As I understand the article, Jancis Robinson thinks that there are quite a few entertaining scientists out there and that it is somewhat of a shame that their knowledge remains locked up in their studies. And she may have a point here.

    I strongly disagree with tannic’s statement that a writer has to be, foremost, entertaining. It should be true and informative above all. The real disappointment is writing that aims to be merely entertaining. Sometimes a story can be entertaining even if the writing itself is not. But then again you are right by saying that it all depends on who you are writing for.

  18. Steve,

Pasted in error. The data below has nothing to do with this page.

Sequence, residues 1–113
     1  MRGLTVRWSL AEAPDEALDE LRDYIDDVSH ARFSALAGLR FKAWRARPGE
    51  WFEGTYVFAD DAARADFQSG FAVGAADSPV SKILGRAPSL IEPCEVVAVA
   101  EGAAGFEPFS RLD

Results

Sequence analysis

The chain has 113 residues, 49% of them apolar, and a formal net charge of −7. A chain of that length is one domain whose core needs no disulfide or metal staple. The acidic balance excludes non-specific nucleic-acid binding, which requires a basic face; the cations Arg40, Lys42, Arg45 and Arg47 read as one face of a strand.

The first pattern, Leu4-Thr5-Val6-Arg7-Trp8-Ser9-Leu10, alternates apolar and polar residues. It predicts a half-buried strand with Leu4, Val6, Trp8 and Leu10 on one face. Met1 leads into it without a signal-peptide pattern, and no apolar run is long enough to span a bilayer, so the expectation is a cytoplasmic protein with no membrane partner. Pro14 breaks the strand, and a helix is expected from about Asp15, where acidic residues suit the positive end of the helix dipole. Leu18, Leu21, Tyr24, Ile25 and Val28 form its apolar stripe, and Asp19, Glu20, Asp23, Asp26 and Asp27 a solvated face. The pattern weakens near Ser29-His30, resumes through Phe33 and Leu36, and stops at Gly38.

I pretty sure you don’t have to worry about too many wine researchers invading your turf. They are busy enough with their own jobs. But let’s say they did decide to write a consumer piece on a complicated subject such as… oh…, the terroir of Red Mountain AVA in Washington State. Why would you assume they would not do a good job or that we couldn’t learn something new and valuable about the subject? I do agree that wine journalist don’t need an enology/viticulture degree for telling stories, putting the industry in greater context and sharing their professional critiques. Or that scientist may not always be the best communicators. FACT: some wine journalist make blanket statements that are simply inaccurate and un-proven. Let’s face it; wine is complicated, subjective and not always straight forward. Sometimes we need a scientist call out journalists BS. Paul Gregutt posted a wonderful piece on his blog, “an experts appraisal of Washington terroir”, written by Dr. Allen Busacca. The article elegantly explained the difference between an AVA and terroir. It’s a very understandable, informative and easy to read piece that takes a ton of BS out of the conversation. This is exactly what Janis R. advocating was for, to help more consumers to understand French wines. So let me get this correct, you wouldn’t want to see more wine scientist doing this? Could you or a consumer simply just google Terroir+ red mt and come up with the understanding and context of Allen’s article….. Well I guess now you can but still….